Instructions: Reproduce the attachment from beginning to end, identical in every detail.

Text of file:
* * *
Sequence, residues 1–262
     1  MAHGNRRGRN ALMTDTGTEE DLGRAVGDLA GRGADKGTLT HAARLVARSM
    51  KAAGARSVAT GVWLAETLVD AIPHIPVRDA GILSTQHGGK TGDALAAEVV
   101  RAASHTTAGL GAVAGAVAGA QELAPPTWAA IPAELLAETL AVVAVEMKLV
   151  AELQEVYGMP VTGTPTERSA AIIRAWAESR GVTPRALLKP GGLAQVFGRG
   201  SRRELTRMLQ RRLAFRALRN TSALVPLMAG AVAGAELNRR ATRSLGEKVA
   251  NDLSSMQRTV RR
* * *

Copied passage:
Sequence, residues 1–262
     1  MAHGNRRGRN ALMTDTGTEE DLGRAVGDLA GRGADKGTLT HAARLVARSM
    51  KAAGARSVAT GVWLAETLVD AIPHIPVRDA GILSTQHGGK TGDALAAEVV
   101  RAASHTTAGL GAVAGAVAGA QELAPPTWAA IPAELLAETL AVVAVEMKLV
   151  AELQEVYGMP VTGTPTERSA AIIRAWAESR GVTPRALLKP GGLAQVFGRG
   201  SRRELTRMLQ RRLAFRALRN TSALVPLMAG AVAGAELNRR ATRSLGEKVA
   251  NDLSSMQRTV RR